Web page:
Eighth Circuit Takes Hard Line on Judicial Estoppel

Posted by NCBRC - February 25, 2016

Applying little analysis beyond recitation of bullet points, the Eighth Circuit found that bankruptcy debtors have an obligation to report lawsuits filed during the life of the chapter 13 plan and that failure to do so justifies application of judicial estoppel. Jones v. Bob Evans Farms, Inc, No. 15-2068 (8th Cir. Jan. 26, 2016).

Mr. Jones and his wife Sherron Shores filed chapter 13 bankruptcy shortly after Mr. Jones began working at Bob Evans. In the petition, the debtors failed to include Ms. Shore’s pending worker’s compensation claim. When the trustee objected to confirmation they amended their schedules to include the claim. The order confirming their amended plan included the instruction to report to the trustee any lawsuits that are “received or receivable” during the life of the plan. While the bankruptcy was pending, Mr. Jones filed an employment discrimination claim against Bob Evans. He did not report the lawsuit to the trustee. He received his discharge in bankruptcy and, in the discrimination case, Bob Evans moved to dismiss based on Mr. Jones’s failure to inform of the bankruptcy court of the lawsuit. The district court granted the motion. Mr. Jones moved to reopen his bankruptcy case to add the lawsuit but the district court found the effort too little, too late. His “last minute candor” did not alter the decision to dismiss based on judicial estoppel.

On appeal, the Eighth Circuit listed three factors relevant to the question of whether a claim should be barred by judicial estoppel: 1) adopting a later position that is “clearly inconsistent” with an earlier one, 2) persuading a court to accept the earlier position thereby creating the impression that one or the other court was misled, and 3) gaining an unfair advantage by reason of the inconsistent positions. Citing Stallings v. Hussmann Corp., 447 F.3d 1041 (8th Cir. 2006), the court found generally that a “party who has filed for bankruptcy may be judicially estopped from pursuing a claim not disclosed in his or her bankruptcy filings.”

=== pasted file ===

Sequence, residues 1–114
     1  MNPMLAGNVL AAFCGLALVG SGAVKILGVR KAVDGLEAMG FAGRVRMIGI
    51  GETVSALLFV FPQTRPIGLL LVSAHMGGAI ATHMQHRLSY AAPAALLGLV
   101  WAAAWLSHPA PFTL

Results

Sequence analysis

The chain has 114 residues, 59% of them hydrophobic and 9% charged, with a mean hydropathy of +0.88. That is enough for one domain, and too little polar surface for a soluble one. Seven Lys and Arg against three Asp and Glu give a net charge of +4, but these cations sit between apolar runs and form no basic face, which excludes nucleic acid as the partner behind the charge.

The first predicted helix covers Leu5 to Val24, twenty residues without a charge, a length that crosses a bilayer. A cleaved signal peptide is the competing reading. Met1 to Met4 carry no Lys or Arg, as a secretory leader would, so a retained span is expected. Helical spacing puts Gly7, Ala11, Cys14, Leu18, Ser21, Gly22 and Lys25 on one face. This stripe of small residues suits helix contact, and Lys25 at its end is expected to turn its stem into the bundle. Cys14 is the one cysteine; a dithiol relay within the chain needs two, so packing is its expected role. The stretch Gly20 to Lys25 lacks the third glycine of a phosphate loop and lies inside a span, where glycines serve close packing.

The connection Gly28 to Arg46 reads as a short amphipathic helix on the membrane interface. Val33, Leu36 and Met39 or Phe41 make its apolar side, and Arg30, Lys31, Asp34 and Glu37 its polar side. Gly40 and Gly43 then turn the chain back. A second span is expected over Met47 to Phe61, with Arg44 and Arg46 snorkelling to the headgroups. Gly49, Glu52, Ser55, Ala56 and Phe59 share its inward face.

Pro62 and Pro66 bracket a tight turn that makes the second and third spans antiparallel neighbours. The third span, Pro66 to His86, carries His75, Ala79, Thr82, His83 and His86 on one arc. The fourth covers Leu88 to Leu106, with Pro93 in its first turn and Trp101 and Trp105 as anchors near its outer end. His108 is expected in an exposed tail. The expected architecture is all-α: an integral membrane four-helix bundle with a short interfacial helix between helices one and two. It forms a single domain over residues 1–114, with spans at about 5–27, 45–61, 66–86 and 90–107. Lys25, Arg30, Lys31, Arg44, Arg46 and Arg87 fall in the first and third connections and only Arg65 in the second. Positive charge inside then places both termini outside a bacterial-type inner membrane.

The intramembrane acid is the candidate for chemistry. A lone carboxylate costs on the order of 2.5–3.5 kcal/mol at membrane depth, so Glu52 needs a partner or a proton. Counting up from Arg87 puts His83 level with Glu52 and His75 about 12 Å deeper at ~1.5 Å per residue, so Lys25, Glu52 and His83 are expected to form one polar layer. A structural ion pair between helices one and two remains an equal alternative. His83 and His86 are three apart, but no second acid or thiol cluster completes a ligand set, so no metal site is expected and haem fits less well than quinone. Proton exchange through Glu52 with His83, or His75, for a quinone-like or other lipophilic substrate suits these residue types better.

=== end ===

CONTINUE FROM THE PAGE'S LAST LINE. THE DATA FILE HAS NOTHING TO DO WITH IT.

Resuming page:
The court rejected without analysis NACBA’s argument as amicus that Bankruptcy Rule 1007, which mandates disclosure of a post-petition acquisition of an interest in property, does not demand disclosure of a post-petition lawsuit. Rather the court, again citing Stallings, found that “a Chapter 13 debtor who does not amend his bankruptcy schedules to reflect a post petition cause of action adopts inconsistent positions in the bankruptcy court and the court where that cause of action is pending.”

Without pointing to any concrete advantage enjoyed by Mr. Jones, the court found that “a Chapter 13 debtor who receives a right to sue letter from the EEOC while his bankruptcy case is pending has a motive to conceal his employment discrimination claims from that court.” The court further held that any theoretical inadvertence the debtor might claim is defeated by the existence of the bankruptcy court’s order to disclose post-petition lawsuits “received or receivable.”

Jones 8th Cir opinion


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